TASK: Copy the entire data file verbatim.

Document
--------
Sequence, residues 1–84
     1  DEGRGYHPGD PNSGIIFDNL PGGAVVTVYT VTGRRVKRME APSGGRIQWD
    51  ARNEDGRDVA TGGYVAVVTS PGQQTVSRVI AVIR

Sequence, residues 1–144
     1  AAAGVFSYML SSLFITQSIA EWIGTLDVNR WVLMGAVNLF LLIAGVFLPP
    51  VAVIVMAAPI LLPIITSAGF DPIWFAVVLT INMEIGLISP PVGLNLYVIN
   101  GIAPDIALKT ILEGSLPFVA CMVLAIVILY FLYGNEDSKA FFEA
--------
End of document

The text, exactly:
Sequence, residues 1–84
     1  DEGRGYHPGD PNSGIIFDNL PGGAVVTVYT VTGRRVKRME APSGGRIQWD
    51  ARNEDGRDVA TGGYVAVVTS PGQQTVSRVI AVIR

Sequence, residues 1–144
     1  AAAGVFSYML SSLFITQSIA EWIGTLDVNR WVLMGAVNLF LLIAGVFLPP
    51  VAVIVMAAPI LLPIITSAGF DPIWFAVVLT INMEIGLISP PVGLNLYVIN
   101  GIAPDIALKT ILEGSLPFVA CMVLAIVILY FLYGNEDSKA FFEA